• rate this

    Comment number 56.

    Klopper Hump
    4 Minutes ago

    Kids know no better these days and think this is how food is and believe
    eg. McDonalds is actually a decent meal.
    Whilst no great lover of McD's I have to take you to task over this, a burger in a bun with salad is not in itself a badly balance meal - even with fries. The problem lies in consuming too much of these, and others like them, types of food.

  • rate this

    Comment number 55.

    Further to the comment below, those not in the school teams, were bawled at and gave up trying at PE. Now I do the activities I enjoy, but I know my niece does not enjoy PE as it is boring. She prefers dancing, and a lot of her friends are like minded. Why not let folk who don't enjoy sport learn all types of dance or fitness activities?

  • rate this

    Comment number 54.

    Obesity is down to diet, not exercise. When I was at school we had to do rugby which I hated. Fortunately the school had the foresight to let me do cross country instead.
    Forty years later? I am still entering races and running as fast as ever but largely because I also control my diet. The rugby players, to a man, have long term injuries or overweight or both. Or in a few cases, dead.

  • rate this

    Comment number 53.

    It needs to be done right though. Nobody wants to get dirty and/or wet doing PE and then have to change back into normal school clothes. I hated this when I was in school and it put me off PE. There needs to be more variety to PE at an earlier stage. I remember late in the school years where we were given the choice of what we wanted to do, I chose lifting weights. Needs to happen sooner.

  • rate this

    Comment number 52.

    41.Michael Lloyd
    Oh how right you are ! All this obesity angst and hype is total claptrap and the people who bang on about it need to get proper jobs.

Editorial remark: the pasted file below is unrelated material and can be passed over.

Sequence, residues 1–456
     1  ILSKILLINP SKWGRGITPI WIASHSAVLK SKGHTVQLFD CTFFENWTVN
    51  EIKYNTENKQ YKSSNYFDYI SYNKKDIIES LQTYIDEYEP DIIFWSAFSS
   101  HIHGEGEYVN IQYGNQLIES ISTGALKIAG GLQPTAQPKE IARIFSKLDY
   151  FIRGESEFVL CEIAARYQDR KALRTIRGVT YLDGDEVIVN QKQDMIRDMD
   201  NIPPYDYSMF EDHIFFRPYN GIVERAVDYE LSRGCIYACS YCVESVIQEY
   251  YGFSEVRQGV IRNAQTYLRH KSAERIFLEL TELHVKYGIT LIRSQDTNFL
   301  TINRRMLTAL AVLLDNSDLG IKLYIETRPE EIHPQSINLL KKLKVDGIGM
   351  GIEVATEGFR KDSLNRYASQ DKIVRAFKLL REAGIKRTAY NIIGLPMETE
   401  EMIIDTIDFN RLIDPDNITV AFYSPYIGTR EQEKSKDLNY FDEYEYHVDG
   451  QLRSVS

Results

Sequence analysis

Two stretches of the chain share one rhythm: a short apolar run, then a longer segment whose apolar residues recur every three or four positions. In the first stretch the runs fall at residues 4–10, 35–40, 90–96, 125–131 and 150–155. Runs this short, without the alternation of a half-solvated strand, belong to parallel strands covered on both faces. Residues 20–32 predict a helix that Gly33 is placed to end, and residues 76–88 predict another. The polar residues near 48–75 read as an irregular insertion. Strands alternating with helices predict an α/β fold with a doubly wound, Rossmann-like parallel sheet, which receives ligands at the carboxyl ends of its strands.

• rate this

    Comment number 51.

    I'm 77 years of age. I'm fairly robuist in weight yet most, if, not of all the skinny folk in my former school classes are dead! The fatties are alive with most of them walkers instead of drivers, or, passengers in vehicles. PT never helped any of the ones who have died, so walk a sensible distance each day and enjoy life without whimpering about obesity.

  • rate this

    Comment number 50.

    Right then! PE was largely scrapped and playing fields sold off by the Westminster Club. Now, it looks as if there's some brownie points to be gained by another politicians "initiative" in bringing PE back! The cycle is almost complete!

  • rate this

    Comment number 49.

    Not everyone who is overweight is inactive. Not everyone who is inactive is lazy. I gained weight when my job was moved and I had no option but a long drive instead of walking to and from the station.
    Can anyone else read the completely contradictory statement in this posting?

  • rate this

    Comment number 48.

    The Govt should concentrate on food manufacturers/producers and stop making it easy for them to fill foods with artificial fillers, chemicals and denaturing food in order to maximise profits.

    Many overweight folks eat this stuff in volumes simply because it lacks any real substance. Kids know no better these days and think this is how food is and believe eg. McDonalds is actually a decent meal.

  • rate this

    Comment number 47.

    Farcical, nonsense. From vested interests. Children can run about outside education time. Their parents can even use the car less, stuff them less. PE and sport is no part of education, and should be removed from school time consumption. Make them walk home!